Plenty of demographics have cause to be on edge – Hispanics because of talk of deporting millions of undocumented immigrants, African-Americans from hostility toward Black Lives Matter, Jews from the anti-Semitism of an emboldened "alt-right" movement.

But Muslim Americans are in a unique category, because in these hazy early days, Islamophobia is shaping up as one of the incoming administration's defining features.

Probably most notable on that front is Mr. Flynn, who has promoted the view that Islamophobia is an oxymoron, because fear of Muslims is rational. Meanwhile, Mr. Sessions was the rare Republican to defend Mr. Trump when he flirted with a temporary ban on all Muslims entering the country. Rudolph Giuliani, possibly in line to be secretary of state, boasts about police surveillance of mosques when he was New York mayor. Newt Gingrich, a key member of Mr. Trump's transition team, has suggested all Muslims in the United States should be tested to see if they believe in Sharia law, and if so, deported. Mr. Bannon gave a platform to some of his country's leading anti-Muslim conspiracy theorists.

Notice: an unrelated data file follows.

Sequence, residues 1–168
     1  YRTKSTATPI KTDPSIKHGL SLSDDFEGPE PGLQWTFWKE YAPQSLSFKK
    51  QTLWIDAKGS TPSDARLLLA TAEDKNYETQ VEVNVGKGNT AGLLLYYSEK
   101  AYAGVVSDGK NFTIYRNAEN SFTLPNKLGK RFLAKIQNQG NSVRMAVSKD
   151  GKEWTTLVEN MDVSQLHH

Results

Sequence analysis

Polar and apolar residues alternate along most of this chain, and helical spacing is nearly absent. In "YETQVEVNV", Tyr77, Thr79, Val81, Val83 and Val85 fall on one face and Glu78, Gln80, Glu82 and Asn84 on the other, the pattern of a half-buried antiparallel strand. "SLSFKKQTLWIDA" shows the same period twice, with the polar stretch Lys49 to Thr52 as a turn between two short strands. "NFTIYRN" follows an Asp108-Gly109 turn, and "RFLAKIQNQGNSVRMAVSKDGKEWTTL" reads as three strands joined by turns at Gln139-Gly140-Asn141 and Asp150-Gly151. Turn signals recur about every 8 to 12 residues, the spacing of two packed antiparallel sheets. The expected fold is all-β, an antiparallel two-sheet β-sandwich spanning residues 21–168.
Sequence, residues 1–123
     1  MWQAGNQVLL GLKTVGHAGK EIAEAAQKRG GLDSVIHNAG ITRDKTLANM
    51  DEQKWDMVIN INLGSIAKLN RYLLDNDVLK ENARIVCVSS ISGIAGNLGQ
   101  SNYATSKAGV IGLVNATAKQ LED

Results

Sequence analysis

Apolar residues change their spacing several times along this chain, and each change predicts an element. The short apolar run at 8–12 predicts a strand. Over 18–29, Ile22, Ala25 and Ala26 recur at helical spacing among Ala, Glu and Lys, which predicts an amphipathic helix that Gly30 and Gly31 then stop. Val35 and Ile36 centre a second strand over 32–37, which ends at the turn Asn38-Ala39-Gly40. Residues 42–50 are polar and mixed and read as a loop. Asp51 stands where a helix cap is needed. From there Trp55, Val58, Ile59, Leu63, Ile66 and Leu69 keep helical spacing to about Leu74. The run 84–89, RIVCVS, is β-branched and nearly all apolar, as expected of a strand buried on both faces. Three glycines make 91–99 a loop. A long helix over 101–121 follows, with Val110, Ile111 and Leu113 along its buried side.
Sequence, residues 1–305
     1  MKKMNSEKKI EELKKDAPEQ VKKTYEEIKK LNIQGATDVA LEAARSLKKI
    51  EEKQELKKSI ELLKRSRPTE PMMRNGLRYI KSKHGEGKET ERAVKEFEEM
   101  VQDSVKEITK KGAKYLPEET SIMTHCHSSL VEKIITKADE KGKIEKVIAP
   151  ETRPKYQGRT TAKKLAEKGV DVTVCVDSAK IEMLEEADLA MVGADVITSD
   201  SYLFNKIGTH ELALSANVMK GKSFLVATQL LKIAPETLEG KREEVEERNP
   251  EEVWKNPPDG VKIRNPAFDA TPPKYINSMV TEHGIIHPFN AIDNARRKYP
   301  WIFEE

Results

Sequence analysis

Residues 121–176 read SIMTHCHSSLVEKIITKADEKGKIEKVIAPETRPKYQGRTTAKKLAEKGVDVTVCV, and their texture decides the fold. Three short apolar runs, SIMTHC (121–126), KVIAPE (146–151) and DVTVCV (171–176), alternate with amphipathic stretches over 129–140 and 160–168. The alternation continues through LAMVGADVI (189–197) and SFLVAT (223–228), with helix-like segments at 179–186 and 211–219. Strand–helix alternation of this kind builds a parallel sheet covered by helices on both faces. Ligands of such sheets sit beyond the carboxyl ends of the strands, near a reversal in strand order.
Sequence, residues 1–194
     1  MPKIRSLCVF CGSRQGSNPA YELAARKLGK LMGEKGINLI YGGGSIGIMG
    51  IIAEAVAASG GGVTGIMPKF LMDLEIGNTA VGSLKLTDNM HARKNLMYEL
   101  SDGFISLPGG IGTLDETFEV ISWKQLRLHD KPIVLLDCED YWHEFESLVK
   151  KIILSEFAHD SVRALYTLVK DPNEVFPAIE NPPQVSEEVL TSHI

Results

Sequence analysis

Nobody knows what policies such views will translate into. Possibly there's comfort to be found in the (false) claim by Mr. Trump's spokesperson this week that the president-elect never promised to create a registry for Muslim Americans, even as one of his campaign surrogates implied Japanese internment set a precedent.

What is clear is that, mistrusted by a majority of the next president's supporters and carrying less political weight than other minority groups, Muslims are uniquely vulnerable to an administration in which fearing them seems to be a job qualification. Amid an increase in anti-Islamic hate crimes, nothing is being more "normalized" – to use the buzzword for the mainstreaming of behaviours previously considered unacceptable – than Muslim-bashing.